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A Primer on Therapist Stress Reduction

For Therapists: Reduce Your Stress, Improve Your Practice


Updated January 21, 2011

Written or reviewed by a board-certified physician. See About.com's Medical Review Board.

A Primer on Therapist Stress Reduction
Ethan Myerson/Istockphoto 2005

It's no secret that therapists who work with patients who have borderline personality disorder (BPD) experience stress, but despite this there is very little written about therapist stress reduction. While some psychotherapy models explicitly address the high level of stress inherent in treating individuals with BPD, others do not address these issues.

Therapist Stress Reduction - Why It's Critical If You Work with a BPD Population

Therapists who work with individuals who engage in high-risk behaviors, such as deliberate self-harm or suicide attempts, consistently report a high level of occupational stress. These behaviors are very common in individuals with BPD; people with BPD have some of the highest rates of deliberate self-harm and suicidality among psychiatric populations.

This high level of stress can affect a therapist in a variety of ways. It may impact the quality of the therapy you are providing -- a therapist under a a high degree of stress is unlikely to be able to attend to the session, maintain an empathic stance, or develop a strong alliance with a client as well as a therapist who is not stressed out.

This stress may also affect you outside of the therapy room: worrying about high-risk clients, ruminating about difficult sessions, or managing between-session contact from patients may interfere with all aspects of your life outside of work.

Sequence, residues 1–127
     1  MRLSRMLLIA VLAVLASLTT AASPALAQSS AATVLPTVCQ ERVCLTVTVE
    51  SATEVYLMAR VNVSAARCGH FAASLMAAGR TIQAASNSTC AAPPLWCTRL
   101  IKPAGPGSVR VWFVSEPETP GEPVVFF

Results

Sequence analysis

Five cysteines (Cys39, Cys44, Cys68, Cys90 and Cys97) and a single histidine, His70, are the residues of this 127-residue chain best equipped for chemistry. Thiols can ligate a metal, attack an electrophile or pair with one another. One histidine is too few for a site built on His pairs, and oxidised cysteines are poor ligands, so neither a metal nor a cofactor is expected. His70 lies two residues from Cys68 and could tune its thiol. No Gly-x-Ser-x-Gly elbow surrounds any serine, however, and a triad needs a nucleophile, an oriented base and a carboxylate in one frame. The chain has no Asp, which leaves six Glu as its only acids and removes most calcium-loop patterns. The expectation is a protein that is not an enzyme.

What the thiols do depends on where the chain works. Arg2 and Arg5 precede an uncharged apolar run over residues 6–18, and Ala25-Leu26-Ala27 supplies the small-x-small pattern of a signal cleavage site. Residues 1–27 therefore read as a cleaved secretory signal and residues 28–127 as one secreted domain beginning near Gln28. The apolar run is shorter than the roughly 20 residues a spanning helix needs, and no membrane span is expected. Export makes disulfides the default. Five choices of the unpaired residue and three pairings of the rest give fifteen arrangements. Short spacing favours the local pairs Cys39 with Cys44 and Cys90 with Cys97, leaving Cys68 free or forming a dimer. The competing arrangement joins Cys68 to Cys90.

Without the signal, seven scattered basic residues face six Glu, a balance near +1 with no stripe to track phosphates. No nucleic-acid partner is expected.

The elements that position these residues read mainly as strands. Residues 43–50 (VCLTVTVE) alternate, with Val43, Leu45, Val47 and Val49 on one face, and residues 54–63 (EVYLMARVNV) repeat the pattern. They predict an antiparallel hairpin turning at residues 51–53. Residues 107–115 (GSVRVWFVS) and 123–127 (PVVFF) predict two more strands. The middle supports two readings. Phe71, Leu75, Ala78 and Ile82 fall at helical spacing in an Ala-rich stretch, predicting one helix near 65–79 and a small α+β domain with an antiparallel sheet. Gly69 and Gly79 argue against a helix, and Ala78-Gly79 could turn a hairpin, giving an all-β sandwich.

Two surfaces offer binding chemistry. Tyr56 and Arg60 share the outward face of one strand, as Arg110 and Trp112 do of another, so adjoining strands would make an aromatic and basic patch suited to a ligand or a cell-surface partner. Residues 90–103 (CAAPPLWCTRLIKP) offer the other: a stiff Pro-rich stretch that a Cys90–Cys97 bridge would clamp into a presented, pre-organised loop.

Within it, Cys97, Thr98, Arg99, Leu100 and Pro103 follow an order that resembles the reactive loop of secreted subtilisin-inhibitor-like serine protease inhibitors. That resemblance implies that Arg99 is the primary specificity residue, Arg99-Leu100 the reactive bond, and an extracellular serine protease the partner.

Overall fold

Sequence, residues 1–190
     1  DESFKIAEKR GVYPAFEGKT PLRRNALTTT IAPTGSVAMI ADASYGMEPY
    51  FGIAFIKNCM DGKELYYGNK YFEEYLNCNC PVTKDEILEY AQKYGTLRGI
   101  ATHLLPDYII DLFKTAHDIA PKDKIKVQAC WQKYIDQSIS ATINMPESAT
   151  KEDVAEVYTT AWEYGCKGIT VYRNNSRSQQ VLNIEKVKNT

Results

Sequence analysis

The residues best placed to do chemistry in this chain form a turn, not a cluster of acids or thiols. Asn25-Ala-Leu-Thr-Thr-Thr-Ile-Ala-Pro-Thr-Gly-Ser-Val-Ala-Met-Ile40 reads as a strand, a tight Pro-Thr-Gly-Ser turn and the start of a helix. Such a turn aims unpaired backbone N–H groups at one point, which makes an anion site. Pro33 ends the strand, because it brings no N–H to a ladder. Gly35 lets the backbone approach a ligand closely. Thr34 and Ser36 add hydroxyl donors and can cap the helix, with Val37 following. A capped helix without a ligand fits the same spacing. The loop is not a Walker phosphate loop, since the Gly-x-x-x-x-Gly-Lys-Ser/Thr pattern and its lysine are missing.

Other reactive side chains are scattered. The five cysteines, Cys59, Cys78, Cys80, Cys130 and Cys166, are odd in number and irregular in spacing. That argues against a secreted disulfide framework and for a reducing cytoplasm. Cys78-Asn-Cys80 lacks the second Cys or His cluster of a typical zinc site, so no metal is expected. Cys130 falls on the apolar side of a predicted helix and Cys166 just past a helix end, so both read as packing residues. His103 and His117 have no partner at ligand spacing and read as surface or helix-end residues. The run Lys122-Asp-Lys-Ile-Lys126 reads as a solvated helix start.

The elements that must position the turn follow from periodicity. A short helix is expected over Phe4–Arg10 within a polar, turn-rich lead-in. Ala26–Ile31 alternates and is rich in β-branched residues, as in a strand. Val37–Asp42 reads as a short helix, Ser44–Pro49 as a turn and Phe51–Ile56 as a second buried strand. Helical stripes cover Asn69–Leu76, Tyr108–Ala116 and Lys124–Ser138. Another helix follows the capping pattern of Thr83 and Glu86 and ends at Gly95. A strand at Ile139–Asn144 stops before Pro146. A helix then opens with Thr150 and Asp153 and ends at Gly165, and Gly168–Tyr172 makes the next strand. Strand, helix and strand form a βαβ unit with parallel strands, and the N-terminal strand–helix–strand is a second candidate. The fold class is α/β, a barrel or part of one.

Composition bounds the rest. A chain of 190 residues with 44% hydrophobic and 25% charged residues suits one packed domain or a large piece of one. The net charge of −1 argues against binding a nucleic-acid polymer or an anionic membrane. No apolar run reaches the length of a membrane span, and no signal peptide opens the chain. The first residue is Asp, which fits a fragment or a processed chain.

There may even be physiological affects of managing challenging clients. A recent study demonstrated that even well-trained therapists exhibited elevated alpha-amylase and cortisol levels (two physiological markers of stress) in anticipation of sessions with recently suicidal clients with borderline characteristics.

Some Ways To Reduce Therapist Stress - the DBT Model

Even if you do not provide dialectical behavior therapy (DBT), this treatment model suggests some practices that may help combat therapist stress and burnout.

Work As Part of a Team

If you work with clients who have BPD, it is critical to work as part of a team. If you are not in a setting that already provides an interdisciplinary team environment, you may need to create the team by fostering communication between existing treatment-givers or by building additional treatment outlets into your client's treatment plan. Psychologists, psychiatrists, social workers, substance abuse counselors, nutritionists, and a variety of other professionals may be appropriate team members depending on your client's needs.

Once there is a team in place, make sure that everyone on the team is communicating frequently (and if possible, in person). Establish regular meeting times to facilitate communication.

In addition, should make sure that you do not treat BPD patients in isolation; consider ways to build diversity in your practice population. This may require sometimes referring patients with BPD if your caseload already includes a large number of BPD patients.

Set Limits, Make Them Explicit, and Make Them Firm